Lessons Learnt and Remaining Challenges . . . . . . . . . . . . . . . . . . . . . . . . . . . . . . . . . . . . . . . . . 18
    Why this Practice Is promising . . . . . . . . . . . . . . . . . . . . . . . . . . . . . . . . . . . . . . . . . . . . . . . . . . . . . . . . 20
    Toolbox . . . . . . . . . . . . . . . . . . . . . . . . . . . . . . . . . . . . . . . . . . . . . . . . . . . . . . . . . . . . . . . . . . . . . . . . . 21
    Bibliography . . . . . . . . . . . . . . . . . . . . . . . . . . . . . . . . . . . . . . . . . . . . . . . . . . . . . . . . . . . . . . . . . . . . . . 22
    List of Acronyms and Abbreviations . . . . . . . . . . . . . . . . . . . . . . . . . . . . . . . . . . . . . . . . . . . . . . . . . . . . 23
    Impressum . . . . . . . . . . . . . . . . . . . . . . . . . . . . . . . . . . . . . . . . . . . . . . . . . . . . . . . . . . . . . . . . . . . . . . . 23

    GTZ would like to thank everybody involved in this project and its documentation. Overall, we acknow-
    ledge the positive collaboration with our project partner, the Botswana Training Authority (BOTA), and
    with our stakeholders in Botswana who have made this project a success. In addition, we are grateful to
    Vanessa Kruger for compiling the initial report and to everybody who was involved in the editing of the
    final version of this first contribution to the GTZ HIV/AIDS Practice Collection.

 GTZ HIV/AIDS Practice Collection

The Deutsche Gesellschaft für Technische Zusam-              PRG members assess approaches that have
menarbeit (GTZ) GmbH HIV/AIDS collection of             been submitted according to a set of jointly
relevant practices aims to facilitate learning and      defined criteria (see box). On this basis, they
exchange between GTZ colleagues and their part-         select approaches that then become part of this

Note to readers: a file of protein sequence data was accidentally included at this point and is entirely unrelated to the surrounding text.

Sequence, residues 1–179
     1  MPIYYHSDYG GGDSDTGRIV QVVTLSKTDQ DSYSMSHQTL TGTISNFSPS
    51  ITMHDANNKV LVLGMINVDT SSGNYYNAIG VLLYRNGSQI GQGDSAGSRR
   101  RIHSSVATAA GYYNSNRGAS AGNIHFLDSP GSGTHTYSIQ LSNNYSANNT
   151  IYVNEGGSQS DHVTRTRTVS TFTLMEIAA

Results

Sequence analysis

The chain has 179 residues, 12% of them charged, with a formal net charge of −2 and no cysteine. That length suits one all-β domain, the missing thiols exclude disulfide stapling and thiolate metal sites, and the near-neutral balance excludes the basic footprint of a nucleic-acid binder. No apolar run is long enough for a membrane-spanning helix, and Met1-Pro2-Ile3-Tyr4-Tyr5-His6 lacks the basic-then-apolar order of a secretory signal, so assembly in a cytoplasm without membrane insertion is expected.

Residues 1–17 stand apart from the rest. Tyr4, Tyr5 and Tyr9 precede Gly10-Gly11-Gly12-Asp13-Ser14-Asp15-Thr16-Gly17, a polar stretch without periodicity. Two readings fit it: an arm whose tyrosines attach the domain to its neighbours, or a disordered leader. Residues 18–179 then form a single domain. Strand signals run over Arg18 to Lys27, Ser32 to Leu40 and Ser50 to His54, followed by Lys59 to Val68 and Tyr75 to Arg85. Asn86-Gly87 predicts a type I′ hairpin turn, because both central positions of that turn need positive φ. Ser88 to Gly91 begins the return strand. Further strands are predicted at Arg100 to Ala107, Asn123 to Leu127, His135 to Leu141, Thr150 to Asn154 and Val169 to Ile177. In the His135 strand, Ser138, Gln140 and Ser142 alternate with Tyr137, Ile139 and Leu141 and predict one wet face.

ners about successes and challenges in addres-          collection.
sing the HIV/AIDS epidemic.                                  Since the nature and dynamics of HIV/AIDS
                                                        epidemics differ depending on regional, socio-
      Through the joint evaluation of HIV/AIDS-         economic and cultural factors, the definition of
relevant project experiences, the GTZ HIV/AIDS          universally valid “best practices” remains a challenge.
Peer Review Group (PRG) aims to promote more            And yet: GTZ experts and their counterparts in
effective, target group-oriented and sustainable        many regions and in various sectors have developed
approaches to fighting HIV/AIDS.                        promising practices in the fight against HIV/AIDS
      The GTZ HIV/AIDS Peer-reviewed Collection         that may inform and inspire colleagues and partners
aims to establish a pool of promising practices and     looking for innovative yet tested interventions.We
lessons learnt in responding to HIV/AIDS in GTZ         hope that this collection can contribute to meeting
projects; and to position GTZ as a competent part-      this need.
ner in the fight against HIV/AIDS.
      The GTZ HIV/AIDS PRG was established in           The Peer Review Group:
September 2004 and its Secretariat is run by the        Hansjörg Dilger, FU Berlin, Germany
supra-regional project "AIDS Control in Developing      Ezio Dos Santos Filho, Pelavidda, Brasil
Countries”.The PRG reflects the views of GTZ            Annette Gabriel, GTZ, Germany
colleagues in projects in partner countries as well     Gabriele Gahn, Consultant, Germany